Darius Muniz, Eric D. Shafarman, Angelica Maciel
& Malcolm S. Ranger-Murdock
New York University
I. What do counseling psychologists do?
* Counseling psychology facilitates personal and interpersonal functioning across the life span with a focus on emotional, social, vocational, educational, health-related, developmental, and organizational concerns.
* Through the integration of theory, research, and practice, and with a sensitivity to multicultural issues, this specialty encompasses a broad range of practices that help people improve their well-being, alleviate distress and maladjustment, resolve crises, and increase their ability to live more highly functioning lives.
II. What is the difference between counseling and clinical psychology?
* Traditionally, the main difference between counseling and clinical psychology is their perspective and training.
* Counseling psychologists focus more on the psychologically healthy individuals where clinical focuses on individuals with serious mental illness (e.g. schizophrenia).
* Counseling Psychology has grown out of Vocational Psychology and has a strong educational component whereas Clinical programs are more medically orientated in nature focusing on the treatment of mental illness.
III. Career Possibilities and Work Settings
* A Counseling Psychologist can consult with a variety of agencies (e.g. schools, government, private organizations)
* Teach at the College Level (undergrad and graduate levels)
* Do Research * Conduct Therapy (e.g. group, individual, family)
* Hold Academic Administrative Positions (e.g. dean of a college)
IV. Theoretical Orientations and Therapies
* Family Therapy * Client Centered * Solution Focused Brief Therapy
* Gestalt Therapy * Cognitive Behavioral Therapy * The Existential Approach
V. Important Individuals in Counseling
* Carl Ransom Rogers (1902 – 1987) * Friedrich Salomon Perls (1893-1970)
* Irvin David Yalom (b. June 13, 1931) * Alfred Adler (1870 –1937)
VI. Education and Training
* In the U.S. Counseling Psychology Programs are accredited by the (APA)
* While Counseling Programs are accredited through the (CACREP)
* How Does One Become a Counseling Psychologist?
* Counseling Psychologists are trained at the doctoral level (usually PhD, but also Psy.D. or Ed.D.)
* What is the difference between MA and PhD programs?
* An MA in counseling generally takes 2-3 years to complete depending on the program and whether you do it full or part time, So it takes considerably less time to complete than an PhD and you are minimally involved in research.
* PhD in Counseling Psychology: These take about 5 years to complete. Generally you take 4 years for classes, research, clinical practica, and then complete an internship in the 5th year. You also complete a dissertation in the 4th year before going on internship. PhD programs generally require more clinical experience and involvement in research than masters’ level programs.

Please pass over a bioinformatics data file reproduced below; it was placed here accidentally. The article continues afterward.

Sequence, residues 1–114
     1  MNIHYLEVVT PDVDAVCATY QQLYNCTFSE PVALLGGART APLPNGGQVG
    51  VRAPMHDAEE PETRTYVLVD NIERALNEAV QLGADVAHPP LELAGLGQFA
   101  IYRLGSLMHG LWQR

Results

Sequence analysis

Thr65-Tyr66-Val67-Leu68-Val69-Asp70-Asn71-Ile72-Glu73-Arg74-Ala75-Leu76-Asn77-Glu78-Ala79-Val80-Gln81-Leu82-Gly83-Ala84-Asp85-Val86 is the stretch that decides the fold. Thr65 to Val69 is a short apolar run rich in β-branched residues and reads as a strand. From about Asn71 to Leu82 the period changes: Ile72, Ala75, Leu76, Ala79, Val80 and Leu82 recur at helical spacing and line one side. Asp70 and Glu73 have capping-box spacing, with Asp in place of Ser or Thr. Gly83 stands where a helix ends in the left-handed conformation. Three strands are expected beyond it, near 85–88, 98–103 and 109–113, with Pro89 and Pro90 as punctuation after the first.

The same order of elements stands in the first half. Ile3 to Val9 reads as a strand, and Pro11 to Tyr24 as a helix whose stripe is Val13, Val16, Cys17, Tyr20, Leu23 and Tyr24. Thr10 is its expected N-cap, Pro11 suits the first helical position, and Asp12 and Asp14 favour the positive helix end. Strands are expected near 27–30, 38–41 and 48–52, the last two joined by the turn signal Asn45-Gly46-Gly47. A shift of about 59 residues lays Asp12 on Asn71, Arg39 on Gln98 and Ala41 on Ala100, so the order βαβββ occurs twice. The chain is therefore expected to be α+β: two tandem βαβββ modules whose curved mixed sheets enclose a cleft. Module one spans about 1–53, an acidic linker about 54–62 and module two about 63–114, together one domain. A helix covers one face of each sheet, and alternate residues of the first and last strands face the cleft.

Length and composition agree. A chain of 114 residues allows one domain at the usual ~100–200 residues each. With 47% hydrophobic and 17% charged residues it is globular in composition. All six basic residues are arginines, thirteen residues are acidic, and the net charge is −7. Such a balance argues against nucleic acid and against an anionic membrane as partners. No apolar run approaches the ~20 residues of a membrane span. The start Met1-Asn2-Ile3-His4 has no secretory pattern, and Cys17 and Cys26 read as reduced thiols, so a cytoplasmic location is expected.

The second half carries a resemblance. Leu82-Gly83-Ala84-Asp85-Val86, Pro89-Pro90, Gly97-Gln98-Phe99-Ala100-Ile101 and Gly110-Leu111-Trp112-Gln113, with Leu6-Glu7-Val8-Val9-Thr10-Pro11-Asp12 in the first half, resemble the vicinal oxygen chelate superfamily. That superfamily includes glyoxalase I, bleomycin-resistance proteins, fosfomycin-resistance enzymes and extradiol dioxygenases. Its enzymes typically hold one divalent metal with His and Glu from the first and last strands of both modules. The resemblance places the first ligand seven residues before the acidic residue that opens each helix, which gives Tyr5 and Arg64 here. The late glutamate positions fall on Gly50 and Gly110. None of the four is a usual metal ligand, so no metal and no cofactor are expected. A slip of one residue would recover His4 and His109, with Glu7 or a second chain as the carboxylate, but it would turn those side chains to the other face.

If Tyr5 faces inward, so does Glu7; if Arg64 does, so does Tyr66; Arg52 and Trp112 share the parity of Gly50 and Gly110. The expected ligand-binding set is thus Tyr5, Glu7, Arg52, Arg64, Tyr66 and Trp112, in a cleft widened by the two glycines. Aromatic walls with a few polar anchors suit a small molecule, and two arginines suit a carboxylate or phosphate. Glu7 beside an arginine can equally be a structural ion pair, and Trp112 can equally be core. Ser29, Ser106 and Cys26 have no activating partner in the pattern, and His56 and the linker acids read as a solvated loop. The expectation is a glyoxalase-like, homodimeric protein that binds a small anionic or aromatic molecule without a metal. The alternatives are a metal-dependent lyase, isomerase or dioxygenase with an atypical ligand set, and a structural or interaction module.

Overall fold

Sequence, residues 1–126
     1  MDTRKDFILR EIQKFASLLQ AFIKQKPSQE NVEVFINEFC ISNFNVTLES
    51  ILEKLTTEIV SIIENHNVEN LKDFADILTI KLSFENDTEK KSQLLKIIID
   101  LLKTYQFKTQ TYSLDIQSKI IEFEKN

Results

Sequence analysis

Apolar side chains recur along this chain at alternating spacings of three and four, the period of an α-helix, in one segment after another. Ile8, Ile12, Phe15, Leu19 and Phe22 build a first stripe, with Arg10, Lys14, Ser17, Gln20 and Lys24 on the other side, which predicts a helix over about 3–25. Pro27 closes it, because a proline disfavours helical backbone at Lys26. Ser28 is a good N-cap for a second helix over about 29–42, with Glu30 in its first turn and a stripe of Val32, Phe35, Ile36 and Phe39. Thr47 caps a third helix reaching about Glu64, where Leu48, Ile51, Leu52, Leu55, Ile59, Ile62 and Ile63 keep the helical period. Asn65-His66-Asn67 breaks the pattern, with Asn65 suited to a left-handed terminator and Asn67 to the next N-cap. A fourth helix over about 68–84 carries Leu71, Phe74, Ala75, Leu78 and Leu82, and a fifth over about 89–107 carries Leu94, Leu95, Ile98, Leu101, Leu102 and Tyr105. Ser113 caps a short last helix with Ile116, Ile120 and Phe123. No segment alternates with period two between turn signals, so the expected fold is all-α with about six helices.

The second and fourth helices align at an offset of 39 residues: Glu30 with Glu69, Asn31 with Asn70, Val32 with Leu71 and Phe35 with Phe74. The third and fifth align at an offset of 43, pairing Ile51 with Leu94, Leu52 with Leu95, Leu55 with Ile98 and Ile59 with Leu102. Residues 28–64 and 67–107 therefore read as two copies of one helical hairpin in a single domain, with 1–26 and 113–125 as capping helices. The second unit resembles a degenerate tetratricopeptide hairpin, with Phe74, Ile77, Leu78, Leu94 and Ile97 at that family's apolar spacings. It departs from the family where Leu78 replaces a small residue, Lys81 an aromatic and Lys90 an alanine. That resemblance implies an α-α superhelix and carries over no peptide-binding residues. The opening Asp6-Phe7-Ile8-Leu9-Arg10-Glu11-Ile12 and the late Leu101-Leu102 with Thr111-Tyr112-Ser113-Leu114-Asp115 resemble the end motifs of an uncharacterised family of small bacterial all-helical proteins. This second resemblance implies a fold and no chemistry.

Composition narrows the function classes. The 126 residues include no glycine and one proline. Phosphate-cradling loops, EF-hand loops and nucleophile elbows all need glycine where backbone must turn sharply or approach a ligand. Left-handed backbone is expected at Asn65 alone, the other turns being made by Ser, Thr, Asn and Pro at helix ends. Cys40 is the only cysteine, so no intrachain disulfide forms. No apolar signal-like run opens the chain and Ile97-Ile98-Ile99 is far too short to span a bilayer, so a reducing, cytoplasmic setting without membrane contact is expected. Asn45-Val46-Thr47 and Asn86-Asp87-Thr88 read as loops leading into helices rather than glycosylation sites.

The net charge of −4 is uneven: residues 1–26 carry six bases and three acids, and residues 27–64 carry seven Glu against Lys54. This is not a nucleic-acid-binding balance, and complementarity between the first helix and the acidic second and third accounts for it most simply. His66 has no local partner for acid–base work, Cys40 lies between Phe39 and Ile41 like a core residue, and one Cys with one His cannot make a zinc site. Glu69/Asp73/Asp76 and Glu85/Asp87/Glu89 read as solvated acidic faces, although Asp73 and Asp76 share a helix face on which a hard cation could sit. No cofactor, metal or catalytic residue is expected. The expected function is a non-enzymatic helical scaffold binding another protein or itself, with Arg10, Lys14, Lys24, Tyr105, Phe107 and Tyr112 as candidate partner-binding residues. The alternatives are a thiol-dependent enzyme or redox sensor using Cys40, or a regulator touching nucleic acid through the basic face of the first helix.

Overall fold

* What do I need for admission into graduate programs?
* · GRE Scores (you need to take this test)
· Letters of recommendation (the number can vary from 3-5)
· Good grades (an overall GPA of at least a 3.0 is the absolute minimum)
· Volunteer or paid experience in a clinical setting · Experience in a research setting
VII. Scholarly Journals and Organizations
* Scholarly Journals: The Counseling Psychologist; Counseling Psychology; Counseling Psychology Quarterly; 17 Newsletter; Journal of Conflict Resolution & Journal of College Counseling
* Counseling Organizations: American Counseling Association; American Psychological Association (Division 17) & National Board of Certified Counselors
VIII. Literature Review
* Topic: The Therapeutic Alliance and its Effects on Addiction in Adult Substance Abuse Patients
* Trends: The Therapeutic Alliance has been shown to be a crucial feature of the client- therapist relationship which promotes progress in drug therapies. Specific qualities of the therapist and Client factors have also been shown to contribute to a strong therapeutic alliance. A combination of these factors, along with reliable and valid measurements of the therapeutic alliance, have shown that a strong relationship early in the therapy process will produce more positive treatment outcomes than have been achieved without this defining feature.
* Gaps: some gaps in the research have been to identify client traits and coping techniques with disregard to the counselors’ traits and techniques that would affect this relationship. Another gap has been that the expectancies of only the client have been taken into account ignoring the counselors’ expectations which are equally important in creating a strong bond. Finally there are many measurements indicating the importance of the therapeutic alliance, yet there is no one measurement that takes into account all the crucial features of both the counselor and client.
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